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Volume 55, Number 2March/April 2004

In This Issue

emel's Hope -- Written and photographed by Tor Eigeland
emel’s staff, from left: Sarah Joseph, editor; Ruh al-Alam, designer; Mahmud al-Rashid, publisher; Omair Barkatulla, senior designer; Rajul Islam Ali, art director.
emel’s staff, from left: Sarah Joseph, editor; Ruh al-Alam, designer; Mahmud al-Rashid, publisher; Omair Barkatulla, senior designer; Rajul Islam Ali, art director.

emelemel is unique for more than just a missing capital letter. It’s Britain’s first Muslim lifestyle magazine. Glossy, well-written, with punchy design and visuals, its appeal crosses over from Muslims to curious non-Muslims.

“The name comes from pronouncing the letters m and l, as in ‘Muslim life,’” says editor Sarah Joseph. The resulting sound also echoes the word amal—“hope” in Arabic. “The word has deep roots,” she says. “It means not only ‘hope’ in the simple sense but also ‘longings,’ ‘desires’ and ‘aspirations.’”

And those aspirations, says Joseph, are “to humanize, to be positive and to celebrate Muslim life. People link into that feeling, that passion.”

Drawing on a small staff and numerous free-lancers, all driven more by “that passion” than money, emel covers current affairs and lifestyle topics in a way that is neither hesitant nor limited to Muslim-only points of view. The March/April issue featured protests and controversies in France and elsewhere about wearing the hijab (the Muslim woman’s headscarf), an analysis of Muslim marriage practices, a look at Muslims on the London Metropolitan Police Force and a survey of African-American–Muslim hip-hop music. Lighter fare included how to make Lebanese food in a few hurried minutes, good recycling practices, a “Diary of a Young Mother” and more.

“We try to give a Muslim perspective,” says Mahmud al-Rashid, Joseph’s husband, who is a full-time trial lawyer as well as the magazine’s volunteer publisher and editor-in-chief.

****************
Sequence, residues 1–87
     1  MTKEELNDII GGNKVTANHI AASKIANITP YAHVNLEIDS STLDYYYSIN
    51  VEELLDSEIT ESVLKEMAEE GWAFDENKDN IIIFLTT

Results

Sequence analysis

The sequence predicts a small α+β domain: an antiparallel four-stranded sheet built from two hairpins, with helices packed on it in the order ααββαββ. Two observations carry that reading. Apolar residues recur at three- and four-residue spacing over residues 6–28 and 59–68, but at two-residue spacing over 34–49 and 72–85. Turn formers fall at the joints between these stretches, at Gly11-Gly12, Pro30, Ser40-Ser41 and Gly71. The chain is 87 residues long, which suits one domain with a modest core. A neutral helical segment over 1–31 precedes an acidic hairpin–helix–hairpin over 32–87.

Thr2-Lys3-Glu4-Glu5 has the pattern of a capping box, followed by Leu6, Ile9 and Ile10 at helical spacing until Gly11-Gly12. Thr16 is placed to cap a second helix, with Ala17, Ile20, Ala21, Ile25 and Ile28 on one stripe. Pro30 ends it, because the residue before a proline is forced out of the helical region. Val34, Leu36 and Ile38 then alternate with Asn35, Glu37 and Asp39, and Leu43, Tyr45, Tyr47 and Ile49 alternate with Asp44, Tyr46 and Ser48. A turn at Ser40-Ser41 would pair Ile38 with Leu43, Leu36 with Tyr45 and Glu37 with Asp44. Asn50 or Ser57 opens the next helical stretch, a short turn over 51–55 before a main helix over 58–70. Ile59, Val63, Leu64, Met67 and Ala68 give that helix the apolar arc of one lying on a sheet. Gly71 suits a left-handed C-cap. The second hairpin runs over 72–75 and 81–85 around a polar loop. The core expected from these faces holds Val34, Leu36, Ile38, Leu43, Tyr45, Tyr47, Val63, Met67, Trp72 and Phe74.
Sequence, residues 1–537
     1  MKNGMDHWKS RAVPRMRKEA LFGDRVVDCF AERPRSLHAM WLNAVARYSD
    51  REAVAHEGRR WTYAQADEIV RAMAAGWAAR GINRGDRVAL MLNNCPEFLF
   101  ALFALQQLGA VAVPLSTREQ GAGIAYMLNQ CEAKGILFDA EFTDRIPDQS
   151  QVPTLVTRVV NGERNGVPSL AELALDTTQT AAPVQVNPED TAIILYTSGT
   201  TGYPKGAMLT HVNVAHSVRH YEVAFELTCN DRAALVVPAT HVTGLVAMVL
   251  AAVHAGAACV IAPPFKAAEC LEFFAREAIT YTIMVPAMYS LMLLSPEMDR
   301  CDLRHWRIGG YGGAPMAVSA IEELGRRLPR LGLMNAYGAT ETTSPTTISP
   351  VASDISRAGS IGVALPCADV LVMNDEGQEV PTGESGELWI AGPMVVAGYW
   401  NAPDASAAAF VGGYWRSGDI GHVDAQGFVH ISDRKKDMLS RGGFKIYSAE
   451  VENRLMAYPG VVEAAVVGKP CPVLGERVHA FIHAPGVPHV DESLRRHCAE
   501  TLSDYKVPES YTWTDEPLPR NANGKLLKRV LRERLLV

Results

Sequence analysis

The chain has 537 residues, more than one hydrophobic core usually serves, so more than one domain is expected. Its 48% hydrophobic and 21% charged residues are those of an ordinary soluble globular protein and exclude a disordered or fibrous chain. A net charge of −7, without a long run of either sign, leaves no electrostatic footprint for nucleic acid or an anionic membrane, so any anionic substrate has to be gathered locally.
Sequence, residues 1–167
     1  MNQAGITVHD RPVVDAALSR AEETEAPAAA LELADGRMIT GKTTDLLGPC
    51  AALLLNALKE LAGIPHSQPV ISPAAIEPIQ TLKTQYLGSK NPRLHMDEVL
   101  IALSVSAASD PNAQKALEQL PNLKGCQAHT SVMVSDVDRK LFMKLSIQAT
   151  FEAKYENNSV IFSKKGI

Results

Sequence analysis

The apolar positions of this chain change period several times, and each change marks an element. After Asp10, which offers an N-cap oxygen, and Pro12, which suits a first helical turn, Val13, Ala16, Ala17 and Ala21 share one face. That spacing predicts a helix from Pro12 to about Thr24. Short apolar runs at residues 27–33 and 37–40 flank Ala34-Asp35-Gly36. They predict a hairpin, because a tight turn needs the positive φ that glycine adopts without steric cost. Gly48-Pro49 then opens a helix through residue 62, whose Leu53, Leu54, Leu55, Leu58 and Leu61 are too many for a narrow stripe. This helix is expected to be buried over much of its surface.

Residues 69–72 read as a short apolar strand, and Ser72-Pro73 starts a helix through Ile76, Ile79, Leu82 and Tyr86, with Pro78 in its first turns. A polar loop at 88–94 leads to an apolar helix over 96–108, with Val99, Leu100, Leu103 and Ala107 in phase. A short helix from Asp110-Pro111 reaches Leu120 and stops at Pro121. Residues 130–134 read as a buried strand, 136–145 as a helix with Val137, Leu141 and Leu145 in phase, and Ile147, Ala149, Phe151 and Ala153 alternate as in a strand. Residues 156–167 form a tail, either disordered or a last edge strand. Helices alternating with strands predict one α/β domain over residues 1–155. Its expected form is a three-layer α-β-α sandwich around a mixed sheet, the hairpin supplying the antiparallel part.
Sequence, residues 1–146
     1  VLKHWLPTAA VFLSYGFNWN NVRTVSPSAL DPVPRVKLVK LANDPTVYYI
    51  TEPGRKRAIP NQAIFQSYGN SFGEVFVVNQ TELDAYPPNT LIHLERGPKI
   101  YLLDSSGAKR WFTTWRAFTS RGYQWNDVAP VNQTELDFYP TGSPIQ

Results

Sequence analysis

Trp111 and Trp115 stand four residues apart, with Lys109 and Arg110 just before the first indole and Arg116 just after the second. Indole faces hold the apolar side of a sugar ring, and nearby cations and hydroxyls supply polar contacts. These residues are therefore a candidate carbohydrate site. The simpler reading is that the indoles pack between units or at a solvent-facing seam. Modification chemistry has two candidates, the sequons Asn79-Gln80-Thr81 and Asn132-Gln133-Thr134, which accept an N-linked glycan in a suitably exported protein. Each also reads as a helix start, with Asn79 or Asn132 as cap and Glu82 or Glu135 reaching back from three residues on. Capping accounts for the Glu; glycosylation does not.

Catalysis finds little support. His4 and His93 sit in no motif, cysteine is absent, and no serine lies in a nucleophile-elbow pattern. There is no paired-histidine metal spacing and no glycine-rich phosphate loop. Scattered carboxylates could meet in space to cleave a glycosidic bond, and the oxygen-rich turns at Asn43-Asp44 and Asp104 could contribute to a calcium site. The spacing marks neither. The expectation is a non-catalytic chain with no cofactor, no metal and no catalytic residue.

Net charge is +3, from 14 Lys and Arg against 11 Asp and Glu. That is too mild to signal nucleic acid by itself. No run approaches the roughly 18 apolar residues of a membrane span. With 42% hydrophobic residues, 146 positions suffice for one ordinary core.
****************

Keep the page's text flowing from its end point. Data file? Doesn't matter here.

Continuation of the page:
“In everything Mahmud and I do, we try to eradicate the misconceptions that became increasingly prevalent after 9/11,” says Joseph, who in 1994 became the first female editor of Trends, a uk Muslim youth magazine, and who was also founding editor of The Common Good, a publication of the Muslim Council of Britain. Now 32, she is also a part-time doctoral student who lectures frequently and widely on interfaith issues, religious tolerance and women’s issues.

"Muslim people do normal things, live normal lives." —Sarah Joseph“You have to make sure that people know about Islam and Muslims in a positive way. Muslim people do normal things, live normal lives. And the fact that we’ve got three children makes it paramount to make a better world for them. There is all this talk of clash of civilizations, but we’ve all got to coexist here!”

Al-Rashid explains that, in emel, “we wanted to produce something that we wanted to read ourselves—something with a Muslim perspective on life, looking through western Muslim eyes, something that could reveal the high culture of Islam, not the usual stereotypes.”

emel caught the attention of the BBC in November and of CNN earlier this year. Now Joseph and al-Rashid are fielding requests from magazine distributors to produce editions of emel for markets in the United States, the Middle East, Australia, South Africa, Malaysia and Japan.

“We went into it with open hearts to produce the best we could,” says Joseph. “And then we were taken aback by how well it was received. Now our feeling is, ‘Hold on, we’ve got to get it out there.’”

With 1000 paid subscriptions to date, emel’s distribution is through mosques and two grassroots organizations that help get it into Muslim bookshops around the country. It was picked up also by the international book conglomerate Borders, from whose shelves emel has been selling out regularly. Joseph and al-Rashid are aiming for 20,000 subscriptions from among the UK’s Muslim population of 1.8 million. Advertising currently covers 30 percent of the magazine’s cost, and until advertising plus subscription income reaches 100 percent, the deficit is being made up personally by Joseph and al-Rashid.